Ben Elton has done many better things than this, and I am now very wary of seeing any musical based around a pop groups output.

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I'm a big musical fan but I think the genre is severly ailing of late, esp. in the West End. It's all geared towards the tourists that come in the summer so it's all review type shows (which in my mind are NOT musicals) like We Will Rock You or revivials of old ones. Occassionally we get the odd new one that hops over from NY but I can't even remember the last British born successful new musical.

 

My favourites include Miss Saigon, Rent, Phantom and Les Mis. Probably in that order. Most recently I was impressed by Mary Poppins. I suppose that was the most recent British born success but it's not exactly original material is it? But it was very well done.

 

I also enjoyed Avenue Q a lot. I laughed an incredible amount during that as the songs are just so hilarious.

 

Andrew Lloyd Webber these days seems more concerned with his 'find me a star' programmes and reviving every single musical he's every written. I wasn't bowled over by either The Beautiful Game or The Women in White as I think both found him out a little in that he seems to pen one quite good song and all the others are light copies of that one.

 

Oops... forgot Billy Elliot. I suppose that was pretty good too but the songs weren't greatly memorable. And again - I'd like to see some original material - not something that has already been on film or some other visual medium.

 

Just my jumbled musings on the subject..

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Ben Elton has done many better things than this

Has he? These days I struggle to remember anything good that Mr Elton has provided us with! (Young Ones excepted).

 

I have seen a tribute act of Queen called, wait for it, Magic: It's a Kind Of Queen, and while their name is so cringe-worthy that it makes you queasy, they are actually very good and manage to completely do Bohemian Rhapsody live (which hubby informs me Queen never managed themselves). Maybe that'd be a better outing than WWRY? ;)

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I tend to prefer musicals that are a little dark, edgy, and/or socially conscious (think Sondheim - or -?). While working as choreographer for our local community theatre, I agitated (successfully) for Oliver! - as civic theatre groups understandably tend to go for shows that will sell out, and there are lots of cute children in it to boost sales, it worked out fine.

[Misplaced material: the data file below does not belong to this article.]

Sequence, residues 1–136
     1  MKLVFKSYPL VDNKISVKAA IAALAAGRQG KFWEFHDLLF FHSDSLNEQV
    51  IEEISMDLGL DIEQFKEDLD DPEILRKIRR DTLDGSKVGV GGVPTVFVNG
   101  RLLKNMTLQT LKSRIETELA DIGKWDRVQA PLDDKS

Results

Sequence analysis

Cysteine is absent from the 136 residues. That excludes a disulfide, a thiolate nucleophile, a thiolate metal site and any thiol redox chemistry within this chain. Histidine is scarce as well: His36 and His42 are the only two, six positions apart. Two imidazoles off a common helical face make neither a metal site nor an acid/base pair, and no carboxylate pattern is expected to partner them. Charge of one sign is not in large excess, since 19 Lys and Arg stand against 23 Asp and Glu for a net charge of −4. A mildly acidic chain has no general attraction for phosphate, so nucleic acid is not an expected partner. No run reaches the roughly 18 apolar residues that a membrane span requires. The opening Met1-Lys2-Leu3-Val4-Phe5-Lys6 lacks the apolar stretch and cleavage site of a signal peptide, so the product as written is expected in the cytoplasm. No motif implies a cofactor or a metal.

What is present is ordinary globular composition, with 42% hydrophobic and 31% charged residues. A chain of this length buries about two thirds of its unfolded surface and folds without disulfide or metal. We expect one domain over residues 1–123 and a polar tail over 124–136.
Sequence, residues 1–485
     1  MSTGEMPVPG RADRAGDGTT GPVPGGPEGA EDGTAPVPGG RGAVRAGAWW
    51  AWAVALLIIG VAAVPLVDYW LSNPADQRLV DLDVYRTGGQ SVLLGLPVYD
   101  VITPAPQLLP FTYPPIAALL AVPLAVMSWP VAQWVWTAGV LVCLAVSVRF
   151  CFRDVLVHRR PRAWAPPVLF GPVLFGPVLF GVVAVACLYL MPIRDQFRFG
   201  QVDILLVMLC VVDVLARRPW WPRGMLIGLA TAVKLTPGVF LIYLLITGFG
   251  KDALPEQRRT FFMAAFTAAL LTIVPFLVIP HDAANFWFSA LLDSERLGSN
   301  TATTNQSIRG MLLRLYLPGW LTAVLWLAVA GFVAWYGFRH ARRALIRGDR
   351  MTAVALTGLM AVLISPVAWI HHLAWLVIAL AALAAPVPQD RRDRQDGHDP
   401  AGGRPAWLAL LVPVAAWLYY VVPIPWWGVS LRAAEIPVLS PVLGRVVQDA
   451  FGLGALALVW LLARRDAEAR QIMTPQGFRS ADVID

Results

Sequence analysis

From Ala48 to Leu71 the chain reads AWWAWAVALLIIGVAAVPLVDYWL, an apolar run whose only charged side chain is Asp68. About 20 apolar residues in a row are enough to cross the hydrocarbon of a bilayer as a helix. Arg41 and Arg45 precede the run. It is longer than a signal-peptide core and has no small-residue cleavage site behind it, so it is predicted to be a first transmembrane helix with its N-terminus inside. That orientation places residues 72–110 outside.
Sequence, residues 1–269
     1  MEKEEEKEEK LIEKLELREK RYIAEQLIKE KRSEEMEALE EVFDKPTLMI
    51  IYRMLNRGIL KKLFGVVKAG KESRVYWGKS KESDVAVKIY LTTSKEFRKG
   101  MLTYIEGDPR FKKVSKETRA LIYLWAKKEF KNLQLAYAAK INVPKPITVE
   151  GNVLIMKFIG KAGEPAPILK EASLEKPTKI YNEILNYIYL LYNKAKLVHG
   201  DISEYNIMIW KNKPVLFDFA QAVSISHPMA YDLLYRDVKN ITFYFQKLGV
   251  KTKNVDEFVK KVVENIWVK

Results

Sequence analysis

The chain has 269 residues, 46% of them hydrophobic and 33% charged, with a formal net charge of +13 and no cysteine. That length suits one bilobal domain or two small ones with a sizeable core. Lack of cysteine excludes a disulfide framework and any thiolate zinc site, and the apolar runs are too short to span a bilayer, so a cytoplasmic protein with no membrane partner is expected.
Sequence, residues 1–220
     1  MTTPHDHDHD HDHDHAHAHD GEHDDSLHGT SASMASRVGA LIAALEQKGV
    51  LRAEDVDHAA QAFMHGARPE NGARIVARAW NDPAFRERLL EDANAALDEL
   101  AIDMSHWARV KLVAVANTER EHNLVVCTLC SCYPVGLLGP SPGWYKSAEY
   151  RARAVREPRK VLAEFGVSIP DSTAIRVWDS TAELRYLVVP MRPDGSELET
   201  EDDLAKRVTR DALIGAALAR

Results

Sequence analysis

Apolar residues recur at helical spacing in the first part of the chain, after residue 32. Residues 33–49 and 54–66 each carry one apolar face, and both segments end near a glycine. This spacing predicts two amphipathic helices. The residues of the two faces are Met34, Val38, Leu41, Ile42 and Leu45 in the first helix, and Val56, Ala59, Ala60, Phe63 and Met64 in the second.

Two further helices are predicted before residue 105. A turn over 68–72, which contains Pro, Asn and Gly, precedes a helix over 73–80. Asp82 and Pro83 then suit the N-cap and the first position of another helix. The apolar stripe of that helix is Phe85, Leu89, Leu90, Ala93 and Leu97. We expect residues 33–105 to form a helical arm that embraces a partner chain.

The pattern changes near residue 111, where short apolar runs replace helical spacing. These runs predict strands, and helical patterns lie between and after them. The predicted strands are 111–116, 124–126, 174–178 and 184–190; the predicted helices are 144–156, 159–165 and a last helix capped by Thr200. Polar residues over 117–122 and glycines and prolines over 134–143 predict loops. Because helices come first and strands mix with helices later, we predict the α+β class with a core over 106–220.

I have choreographed nearly all the major shows of Rodgers & Hammerstein and so probably wouldn't cross the street to see them. Thoroughly enjoyed Sweeney Todd, Les Mis and Phantom, and am looking forward to our Spamalot outing (being a Monty Python fan from way back). I hope to get a chance to see Wicked one of these days...

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I tend to prefer musicals that are a little dark, edgy, and/or socially conscious (think Sondheim - or -?).

 

Me too. I'm visiting family in London just now, and last night we went to see Fiddler On The Roof. My sort of show - emotional, political, funny, all in one.

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Me too. I'm visiting family in London just now, and last night we went to see Fiddler On The Roof. My sort of show - emotional, political, funny, all in one.

I have it on DVD and watch it once every three years or so (on VHS before DVD). I always cry at the end, even though I know what is going to happen.

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I love musicals. Sadly I have yet to see one on stage fully but I hope I will sometime in the near future. Thanks to my nan I'm a big fan of Singing in the Rain, Showboat, Seven Brides for Seven brothers (still makes me laugh) and other from that time, you know, back in the time when people could successfully make a masterpiece in musical movie theatre.

As for recent ones Chicago, moulin rouge and Sweeny Todd have definitely become three of my favorites. Chicago is just funny and the songs are fantastic, though I am starting to loathe Renee Zel-whatever. I am sorry but I can hardly stand her in that movie. Catherine Zeta Jones upstages her every time. Moulin Rouge I thought was just fantastic, the songs, the choreography, the artwork...excellent! Sweeny Todd just really found a place in my top 5. Being a long fan of both Tim Burton and the story of Sweeny Todd I was so excited at the concept of them joining together (with two of my favourite actors Johnney Depp and Helena Carter). The movie was already a masterpiece before it came onto the screen and it didn't dissapoint.

As for Cliff Richard's heathcliff, I have to say I will always love it just for my memories sake. My nan and I would always watch it when I was little, I can still remember the songs! I thought it was great and keep on asking my nan to put it on again. I miss it heehee.

But yes musicals are fantastic. But I agree, Annie should definatley be shot.